December 13, 2011

Hyde County puts restrictions on travel trailers on Ocracoke


Without much fanfare, the Hyde County commissioners voted on Dec. 5 to put restrictions on the use of travel trailers as permanent housing on Ocracoke.

The island has seen an influx in recent years of seasonal and permanent workers living in the trailers because of a shortage of low-cost housing on the island.

Bill Rich, chairman of the Ocracoke Development Ordinance Board, explained that discussions about travel trailers began in April after the building inspector, Jerry Hardison, reported having difficulty with enforcement since travel trailers are not in the building code.

“It’s been kind of a nightmare of abuse,” Rich said.

Some trailers were hooking into the septic systems of nearby homes and using hoses from nearby houses for water, noted Ocracoke commissioner Darlene Styron.

She noted that some trailers were leaking, and some did not meet the set-back requirements.

 After each meeting, new questions came up that had to be addressed.  One was whether three trailers on one lot required three separate water hook-ups.

 “We went round and round on this issue and had public input,” she said.

 “We tried to put definition into the code so that travel trailers have to be hooked up to their own water, septic, and electricity and be in compliance with health and safety rules,” Rich continued.

Rich explained further, after the meeting, that members of the public--sometimes 25, sometimes only five-- attended all the meetings and that with their input, the ordinance parameters changed after every session.

That’s why there was only one person at the public hearing on Dec. 5.

Mary Haggerty, an Ocracoke resident, spoke against the ordinance, noting that it was discriminatory.

The discrimination involves the yearly fees, such as a Department of Motor Vehicle fee and a possible yearly permit, she said.

“That’s discriminatory,” she said.  “A fee every year is going to be tough for a lot of working people. There are lots of people living in tents and outbuildings, and they’re not regulated.”

Haggerty also questioned how -- since the ordinance requires travel trailers to be able to be quickly moved in the case of an emergency evacuation – emergency officials will get more than 110 trailers off the island, along with all the tourists and residents.

She also was concerned that since the ordinance requires that travel trailers be readily mobile, would they wash into the street or other buildings should flooding occur?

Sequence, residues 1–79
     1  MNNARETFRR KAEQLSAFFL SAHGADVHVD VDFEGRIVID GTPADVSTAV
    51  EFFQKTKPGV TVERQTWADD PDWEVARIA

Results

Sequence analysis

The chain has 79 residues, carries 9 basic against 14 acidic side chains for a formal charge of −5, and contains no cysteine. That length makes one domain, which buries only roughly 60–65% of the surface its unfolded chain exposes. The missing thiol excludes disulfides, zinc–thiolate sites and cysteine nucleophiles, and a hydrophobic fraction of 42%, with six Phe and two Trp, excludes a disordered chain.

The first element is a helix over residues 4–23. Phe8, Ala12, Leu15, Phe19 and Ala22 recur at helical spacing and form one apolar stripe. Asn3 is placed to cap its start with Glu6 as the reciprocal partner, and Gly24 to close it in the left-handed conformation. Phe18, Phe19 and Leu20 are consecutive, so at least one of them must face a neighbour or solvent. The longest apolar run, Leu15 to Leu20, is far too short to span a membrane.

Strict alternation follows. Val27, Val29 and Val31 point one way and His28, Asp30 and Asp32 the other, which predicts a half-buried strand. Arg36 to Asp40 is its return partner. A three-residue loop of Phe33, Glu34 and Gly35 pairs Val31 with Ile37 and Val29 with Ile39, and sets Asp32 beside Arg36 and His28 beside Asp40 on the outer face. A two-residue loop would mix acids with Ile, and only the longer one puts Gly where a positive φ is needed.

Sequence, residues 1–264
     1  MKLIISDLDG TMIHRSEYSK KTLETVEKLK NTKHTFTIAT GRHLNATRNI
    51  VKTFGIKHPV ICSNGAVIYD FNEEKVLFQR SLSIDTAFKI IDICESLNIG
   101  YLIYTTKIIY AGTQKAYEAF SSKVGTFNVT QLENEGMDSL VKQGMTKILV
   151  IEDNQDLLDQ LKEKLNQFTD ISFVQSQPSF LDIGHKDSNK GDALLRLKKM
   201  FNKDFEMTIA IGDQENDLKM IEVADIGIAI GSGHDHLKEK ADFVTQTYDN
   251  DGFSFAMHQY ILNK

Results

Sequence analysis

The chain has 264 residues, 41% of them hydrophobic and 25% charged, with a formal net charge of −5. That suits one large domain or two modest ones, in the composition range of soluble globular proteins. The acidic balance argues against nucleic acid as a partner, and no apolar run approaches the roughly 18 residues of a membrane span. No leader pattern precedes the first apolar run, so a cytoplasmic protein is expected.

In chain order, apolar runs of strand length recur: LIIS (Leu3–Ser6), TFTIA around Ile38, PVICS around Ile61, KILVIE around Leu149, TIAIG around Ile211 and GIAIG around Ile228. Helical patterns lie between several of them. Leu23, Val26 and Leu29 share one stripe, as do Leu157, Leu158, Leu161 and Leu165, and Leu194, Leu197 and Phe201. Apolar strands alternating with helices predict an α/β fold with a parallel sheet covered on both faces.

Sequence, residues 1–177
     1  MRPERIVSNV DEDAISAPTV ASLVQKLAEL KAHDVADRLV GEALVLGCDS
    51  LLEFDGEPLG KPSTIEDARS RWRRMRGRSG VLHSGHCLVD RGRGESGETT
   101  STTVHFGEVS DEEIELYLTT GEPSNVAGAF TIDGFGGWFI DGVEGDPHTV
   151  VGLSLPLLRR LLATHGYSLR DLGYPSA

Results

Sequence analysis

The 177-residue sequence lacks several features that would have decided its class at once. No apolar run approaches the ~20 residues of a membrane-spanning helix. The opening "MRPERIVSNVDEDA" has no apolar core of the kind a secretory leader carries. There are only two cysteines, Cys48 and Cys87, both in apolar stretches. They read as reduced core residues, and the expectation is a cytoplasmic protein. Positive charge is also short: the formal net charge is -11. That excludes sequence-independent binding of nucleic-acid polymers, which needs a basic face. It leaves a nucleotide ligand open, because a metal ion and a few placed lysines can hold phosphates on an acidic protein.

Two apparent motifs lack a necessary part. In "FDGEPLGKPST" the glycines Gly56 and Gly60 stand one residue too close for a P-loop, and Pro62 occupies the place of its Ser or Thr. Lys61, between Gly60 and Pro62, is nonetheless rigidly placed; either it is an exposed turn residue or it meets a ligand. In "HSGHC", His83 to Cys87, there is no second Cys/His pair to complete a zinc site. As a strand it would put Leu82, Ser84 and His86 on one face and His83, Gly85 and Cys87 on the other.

County Manager Mazie Smith explained FEMA requires travel-trailers located in a flood zone to be ready at all times for evacuation. By not complying with FEMA rules, the county would be ineligible for funding in the event of another disaster.

Styron added that the state regulates the use of travel trailers.

“We can’t enact a law that’s lesser than what the state already has,” she said, adding that travel trailers are not designed to be permanent residences.  “The electric system is not to the same code as a house.”

Under the ordinance, crafted after the numerous meetings, a trailer has to remain registered with the DMV and insured, capable of passing applicable safety inspections, and capable of being moved onto a public highway without dismantling structures, such as decks.

Additionally, the travel trailer must obtain all applicable permits, such as for water, sewer, electric, and those required by state agencies, such as the Coastal Area Management Act.

Trailer placement must comply with minimum setbacks and parking requirements, maximum percentage of lot coverage, and height restrictions.

Both Rich and Styron said a fee for permitting travel trailers, which is part of the ordinance, has not been set. 

Rich said they may not even set a fee if compliance can be enforced without one.

Tom Pahl, a member of the development board, said that this ordinance applies only to new trailers and not to those already in place that are in compliance.

A  map drawn up by Brian Pompeii, a Ph.D. candidate in coastal geography, and given to the Ocracoke Foundation, shows that this year, 27 percent of the homes on Ocracoke are owner-occupied.  In 2000, the percentage on Ocracoke was 35 percent. The national average is 60 percent. 

There are 247 year-round homes on the island and 115 travel trailers.

His map also shows that there are 79 year-round rentals, 125 private summer homes, and 331 weekly vacation rentals.

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